A GT OMSCS Course Review – Robotics: AI Techniques (CS7638)

Robotics: AI Techniques marked the beginning of my foray into Georgia Tech’s OMSCS machine learning and artificial intelligence offerings. As I mentioned in my review of High Performance Computer Architecture (HPCA), my other Georgia Tech courses have focused on computing systems. This was mostly a function of the popularity of the ML/AI courses making them difficult to register for, and the computing system courses being among the most well-regarded classes in the program. However, my chosen specialization for this degree is machine learning, and so this semester it was time to get going.

I chose this as my first AI-centric course as it’s relatively “easy” (I put this in quotes because easy is in the eye of the beholder) and was entirely project-based allowing me to level up on my Python while also giving me time to explore mathematical concepts that were completely new territory. As I’m taking CS6601 – Aritifical Intelligence in the fall, I wanted a course to provide exposure to the field of study without being overwhelming. I can say pretty definitively that this course did all of those things while being pretty fun at the same time.

First off, however, a critique. The lectures, created by Professor Sebastian Thrun, were unfortunately the worst that I’d encountered at Georgia Tech so far. It’s hard to tell why that is, but my main issue is that they lack depth (many a time it felt like we were hand-waving over some key concepts or insights) and were poorly paced (with quizzes nearly every video, sometimes after just 60 seconds of instruction). That’s not to say the lectures weren’t valuable – they were and are still far beyond many of the “best” lectures that Oregon State University’s online program provided. They just happen to be of lesser quality than GIOS, AOS, and HPCA. Perhaps that speaks more to those courses/professors than to anything else.

Lectures aside, however, I thought the instructor (Jay Summet) and the team of TAs performed admirably given that most of the real work was on their shoulders. As the class is nearly entirely project based (with only 28% of your grade coming from pre-built homeworks that likely haven’t changed from the initial course developement), and both Python version changed and student plagiarism forces these projects to change from year-to-year, most of the burden is on this team to develop, test, support, and maintain new and existing projects. Considering the difficulty of doing this while the lectures remain unchanged, my hat goes off to them.

There were six series of lectures (each accompanied by a problem set done in Python) and five projects. The first three large projects were my favorite, so I’ll just give them a brief recap here:

  • Asteroids – required you to implement a Kalman filter to simulate the driving of a spaceship through an asteroid field. Kalman filters are state projectors; given a current state of some environment, use knowns to project that environment into the future and then update your understanding of that environment after the next timestep. In this simulation, our environment was a space filled with asteroids that we could sense with radar. Our job was to use the knowledge of each asteroid’s current position and velocity to guess their velocity and position in the future. By using this guess, we were able to move our ship through the field without hitting any asteroid, safely plotting a path out.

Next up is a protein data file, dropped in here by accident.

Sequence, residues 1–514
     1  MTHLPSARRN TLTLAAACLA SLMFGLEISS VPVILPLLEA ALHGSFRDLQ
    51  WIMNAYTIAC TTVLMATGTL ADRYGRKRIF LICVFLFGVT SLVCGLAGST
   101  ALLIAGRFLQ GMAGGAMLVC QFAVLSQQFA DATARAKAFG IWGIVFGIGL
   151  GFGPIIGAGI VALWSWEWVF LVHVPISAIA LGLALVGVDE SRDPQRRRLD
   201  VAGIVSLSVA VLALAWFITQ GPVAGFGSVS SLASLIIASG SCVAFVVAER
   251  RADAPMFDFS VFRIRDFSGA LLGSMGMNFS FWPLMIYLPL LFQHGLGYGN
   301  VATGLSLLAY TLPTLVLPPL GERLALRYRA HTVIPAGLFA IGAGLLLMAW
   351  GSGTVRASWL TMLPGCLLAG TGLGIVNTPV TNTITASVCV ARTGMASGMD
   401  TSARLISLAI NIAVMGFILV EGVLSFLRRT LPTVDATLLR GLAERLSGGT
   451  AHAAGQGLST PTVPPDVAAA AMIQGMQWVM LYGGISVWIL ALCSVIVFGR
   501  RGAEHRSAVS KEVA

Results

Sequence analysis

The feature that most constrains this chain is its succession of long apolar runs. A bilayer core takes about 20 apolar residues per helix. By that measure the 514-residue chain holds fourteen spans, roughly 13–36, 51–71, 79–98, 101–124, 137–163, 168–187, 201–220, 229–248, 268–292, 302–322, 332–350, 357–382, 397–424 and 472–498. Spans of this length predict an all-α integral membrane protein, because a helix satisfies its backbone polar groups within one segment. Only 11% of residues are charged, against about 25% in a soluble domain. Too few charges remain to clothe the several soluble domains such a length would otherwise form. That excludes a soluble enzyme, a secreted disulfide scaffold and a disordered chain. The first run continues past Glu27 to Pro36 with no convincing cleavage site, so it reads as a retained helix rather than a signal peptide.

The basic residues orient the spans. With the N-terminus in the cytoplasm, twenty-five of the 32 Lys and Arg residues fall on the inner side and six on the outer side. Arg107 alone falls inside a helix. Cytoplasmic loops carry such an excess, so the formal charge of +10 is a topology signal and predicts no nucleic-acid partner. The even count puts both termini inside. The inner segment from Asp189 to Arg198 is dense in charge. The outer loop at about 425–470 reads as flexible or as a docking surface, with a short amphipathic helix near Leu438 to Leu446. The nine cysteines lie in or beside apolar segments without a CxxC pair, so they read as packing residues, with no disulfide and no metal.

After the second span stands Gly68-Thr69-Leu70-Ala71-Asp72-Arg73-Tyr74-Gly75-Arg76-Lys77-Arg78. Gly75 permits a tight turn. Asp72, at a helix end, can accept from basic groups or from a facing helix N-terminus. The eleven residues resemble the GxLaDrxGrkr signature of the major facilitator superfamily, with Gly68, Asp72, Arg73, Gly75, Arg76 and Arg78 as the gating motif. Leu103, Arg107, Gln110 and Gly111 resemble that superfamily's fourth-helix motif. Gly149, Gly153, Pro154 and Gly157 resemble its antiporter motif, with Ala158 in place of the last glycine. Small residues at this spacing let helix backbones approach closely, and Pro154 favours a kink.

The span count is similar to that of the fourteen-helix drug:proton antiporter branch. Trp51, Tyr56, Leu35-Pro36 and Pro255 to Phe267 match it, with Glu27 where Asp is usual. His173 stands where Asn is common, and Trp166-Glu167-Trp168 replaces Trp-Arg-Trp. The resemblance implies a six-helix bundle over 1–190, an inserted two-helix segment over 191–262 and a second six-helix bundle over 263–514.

• Mars glider – another simulation wherein you were given a topographic map but without any idea of where on the map you were as you shot into the atmosphere of Mars. The task was to, using a particle filter, develop a belief of where on the map you were before you fell too far into the atmosphere. A particle filter can be thought of as a state estimator in that you create thousands of guesses of an object’s state (in this case our glider’s position and direction). As the simulation progresses, you match the guess with the reality (in this case that would require that we use the topographic map to see if our guess’s height above some area matched that of the real glider) and if the guess is too far away from the reality, you eliminate that guess from the pool of potential guesses. By the end, you only have a few guesses left, and you better hope they’re right!
  • Warehouse – here our task was to plot a robot’s path through a fictitious warehouse (using a modified A* search algorithm). To do so, we were given a start point, boxes in the warehouse to pick up, and map that we could traverse one step at a time. The warehouse contained walls and floors that sloped (meaning that they had an additional cost to get out of certain areas if you ventured too far into them) and at each step we could move our robot orthogonally or diagonally. We had to navigate to a box, return it to the start point, and then navigate to the next box, repeating this cycle until all boxes had been returned. In doing so we built up a series of actions (“move left” or “put box down”) that we returned to a controller that tested our plan against the optimal solution.

My qualms with the lectures aside, this was probably one of the most fun college courses I’ve taken. Instead of splicing bits (which is fun, but sometimes tedious) we were dealing with concepts, data structures, and algorithms that felt closer to the things that led me to continue my education to this point. Seeing simple heuristics and mental frameworks combined with mathematical theorems so that we could better explain the world around us (and give that knowledge to software/robots) was incredibly rewarding and thought provoking. In short, 10/10, would do again.